New York - The United Nations Security Council on Monday condemned Guinea-Bissau's military coup plotters for maintaining their grip on the West African nation, a notorious international drug transshipment point.
A press statement read out by the council's president, Colombian Ambassador Nestor Osorio, said the council members also “expressed their concern with reports of an increase in drug trafficking since the April 12 coup d'etat”.
In the statement, which is not enforceable, the council members demanded that Guinea-Bissau adopt reforms for “the promotion and respect of rule of law, the creation of an enabling environment for the enhanced control over the security forces, the fight against impunity and the fight against drug-trafficking”.
In May, the council imposed travel bans on the coup leaders and their key supporters, demanding at the time that they reinstate the legitimate democratic government immediately. So far there have been no moves to restore democracy.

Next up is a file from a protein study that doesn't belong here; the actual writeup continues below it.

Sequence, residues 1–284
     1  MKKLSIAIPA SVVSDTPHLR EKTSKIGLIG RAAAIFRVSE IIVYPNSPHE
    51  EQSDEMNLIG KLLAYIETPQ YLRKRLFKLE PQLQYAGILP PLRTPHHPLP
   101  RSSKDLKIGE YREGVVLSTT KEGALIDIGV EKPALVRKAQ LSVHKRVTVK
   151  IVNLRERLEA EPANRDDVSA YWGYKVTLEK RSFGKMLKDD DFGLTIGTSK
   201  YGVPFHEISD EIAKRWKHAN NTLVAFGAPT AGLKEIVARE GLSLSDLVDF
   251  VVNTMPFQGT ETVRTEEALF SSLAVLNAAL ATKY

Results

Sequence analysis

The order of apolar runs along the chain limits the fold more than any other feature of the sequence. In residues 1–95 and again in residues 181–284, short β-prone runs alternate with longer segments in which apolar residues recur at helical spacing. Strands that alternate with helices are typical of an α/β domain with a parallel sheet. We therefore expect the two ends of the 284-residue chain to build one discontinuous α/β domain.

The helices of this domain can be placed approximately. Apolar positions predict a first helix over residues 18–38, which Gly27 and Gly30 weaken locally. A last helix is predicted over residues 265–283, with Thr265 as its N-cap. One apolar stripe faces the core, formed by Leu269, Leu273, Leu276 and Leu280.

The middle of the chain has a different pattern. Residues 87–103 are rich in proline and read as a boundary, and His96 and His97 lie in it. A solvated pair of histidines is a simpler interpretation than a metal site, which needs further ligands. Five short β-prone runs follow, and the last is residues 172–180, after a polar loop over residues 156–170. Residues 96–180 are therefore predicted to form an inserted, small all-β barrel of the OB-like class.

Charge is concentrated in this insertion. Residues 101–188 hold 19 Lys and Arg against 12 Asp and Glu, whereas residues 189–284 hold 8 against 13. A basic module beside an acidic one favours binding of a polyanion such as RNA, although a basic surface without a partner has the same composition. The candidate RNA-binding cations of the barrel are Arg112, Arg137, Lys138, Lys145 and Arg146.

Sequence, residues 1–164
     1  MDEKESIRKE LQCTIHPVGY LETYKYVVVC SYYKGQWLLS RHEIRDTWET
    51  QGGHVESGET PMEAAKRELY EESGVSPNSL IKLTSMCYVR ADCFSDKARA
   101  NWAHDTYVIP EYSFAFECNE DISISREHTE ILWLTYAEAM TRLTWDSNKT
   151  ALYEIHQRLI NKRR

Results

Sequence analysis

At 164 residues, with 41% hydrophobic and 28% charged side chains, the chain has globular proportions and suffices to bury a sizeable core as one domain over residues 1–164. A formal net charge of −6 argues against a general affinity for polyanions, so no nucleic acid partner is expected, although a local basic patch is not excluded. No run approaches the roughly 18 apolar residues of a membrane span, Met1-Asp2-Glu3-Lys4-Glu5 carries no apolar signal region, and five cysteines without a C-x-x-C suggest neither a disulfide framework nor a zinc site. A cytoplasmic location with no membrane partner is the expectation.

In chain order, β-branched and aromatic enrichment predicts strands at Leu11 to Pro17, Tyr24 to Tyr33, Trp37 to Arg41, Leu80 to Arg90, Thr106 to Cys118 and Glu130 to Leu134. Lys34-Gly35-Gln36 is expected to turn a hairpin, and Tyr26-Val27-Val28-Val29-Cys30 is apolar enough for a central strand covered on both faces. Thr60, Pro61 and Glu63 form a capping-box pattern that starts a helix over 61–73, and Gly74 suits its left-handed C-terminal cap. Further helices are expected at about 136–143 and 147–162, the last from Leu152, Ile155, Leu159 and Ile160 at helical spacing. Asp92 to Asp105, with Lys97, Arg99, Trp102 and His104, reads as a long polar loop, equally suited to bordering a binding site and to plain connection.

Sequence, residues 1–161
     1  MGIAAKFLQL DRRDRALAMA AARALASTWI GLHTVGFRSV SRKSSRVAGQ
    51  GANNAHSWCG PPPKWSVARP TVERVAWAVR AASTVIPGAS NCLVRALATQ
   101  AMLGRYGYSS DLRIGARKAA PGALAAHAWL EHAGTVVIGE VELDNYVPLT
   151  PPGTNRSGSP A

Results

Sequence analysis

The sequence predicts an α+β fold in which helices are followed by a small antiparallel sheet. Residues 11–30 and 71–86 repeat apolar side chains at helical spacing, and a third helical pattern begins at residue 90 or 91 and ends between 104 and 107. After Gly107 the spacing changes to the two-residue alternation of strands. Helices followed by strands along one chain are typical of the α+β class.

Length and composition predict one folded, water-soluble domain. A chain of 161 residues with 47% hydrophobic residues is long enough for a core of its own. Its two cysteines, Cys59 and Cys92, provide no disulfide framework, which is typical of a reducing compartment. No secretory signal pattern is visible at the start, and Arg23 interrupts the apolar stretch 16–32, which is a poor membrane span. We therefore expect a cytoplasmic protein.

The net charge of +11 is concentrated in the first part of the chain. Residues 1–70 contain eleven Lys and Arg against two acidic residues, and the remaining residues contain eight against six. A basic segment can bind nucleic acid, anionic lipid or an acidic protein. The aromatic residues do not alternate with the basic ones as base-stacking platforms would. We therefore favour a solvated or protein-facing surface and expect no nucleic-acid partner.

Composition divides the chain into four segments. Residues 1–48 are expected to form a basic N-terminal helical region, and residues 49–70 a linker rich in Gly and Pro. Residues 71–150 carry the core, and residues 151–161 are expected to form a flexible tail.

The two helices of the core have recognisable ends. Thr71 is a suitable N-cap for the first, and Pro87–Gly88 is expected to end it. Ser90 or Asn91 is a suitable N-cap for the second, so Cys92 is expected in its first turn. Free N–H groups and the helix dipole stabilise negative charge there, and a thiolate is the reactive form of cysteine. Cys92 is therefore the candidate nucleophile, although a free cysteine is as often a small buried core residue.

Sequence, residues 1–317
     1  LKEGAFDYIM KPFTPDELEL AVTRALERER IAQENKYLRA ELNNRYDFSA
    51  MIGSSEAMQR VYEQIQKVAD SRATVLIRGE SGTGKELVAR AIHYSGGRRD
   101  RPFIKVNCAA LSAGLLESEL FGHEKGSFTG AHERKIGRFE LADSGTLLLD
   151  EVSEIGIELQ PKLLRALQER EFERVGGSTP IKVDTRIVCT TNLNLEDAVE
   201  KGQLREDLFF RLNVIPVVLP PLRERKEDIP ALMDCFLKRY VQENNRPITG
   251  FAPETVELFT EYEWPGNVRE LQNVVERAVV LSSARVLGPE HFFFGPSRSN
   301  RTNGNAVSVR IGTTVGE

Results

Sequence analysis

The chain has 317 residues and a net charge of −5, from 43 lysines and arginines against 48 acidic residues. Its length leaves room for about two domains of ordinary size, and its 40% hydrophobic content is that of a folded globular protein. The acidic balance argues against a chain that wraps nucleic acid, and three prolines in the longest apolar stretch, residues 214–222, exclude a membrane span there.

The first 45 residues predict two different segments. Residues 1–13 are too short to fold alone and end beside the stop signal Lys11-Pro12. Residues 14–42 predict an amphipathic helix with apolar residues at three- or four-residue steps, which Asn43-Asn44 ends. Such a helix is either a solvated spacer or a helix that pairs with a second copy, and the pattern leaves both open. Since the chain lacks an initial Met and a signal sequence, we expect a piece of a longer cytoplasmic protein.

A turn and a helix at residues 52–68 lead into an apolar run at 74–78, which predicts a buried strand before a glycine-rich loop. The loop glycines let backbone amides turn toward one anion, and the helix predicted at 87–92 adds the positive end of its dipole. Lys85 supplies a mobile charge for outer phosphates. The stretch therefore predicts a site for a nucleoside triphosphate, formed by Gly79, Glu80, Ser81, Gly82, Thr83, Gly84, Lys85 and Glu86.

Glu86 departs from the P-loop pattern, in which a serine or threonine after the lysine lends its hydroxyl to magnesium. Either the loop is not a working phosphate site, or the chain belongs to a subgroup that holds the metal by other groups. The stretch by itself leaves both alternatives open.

Guinea-Bissau was just weeks away from holding a presidential runoff election when soldiers attacked the front-runner's home and arrested him along with the country's interim president on April 12. They have since fled the country.
No leader in nearly 40 years of independence has completed his term in Guinea-Bissau, a former Portuguese colony on Africa's western coast that has long been plagued by coups and has become a major transit point for drug trafficking from South America to Europe.
The Security Council is principally supporting the West African regional group, Ecowas, as a way of coaxing Guinea-Bissau back to constitutional order. Ecowas plans to send up to 600 troops to Guinea-Bissau to try to restore order.
Politicians in the country are moving ahead with a transitional government but the Security Council made clear it wants the previous government restored. - Sapa-AP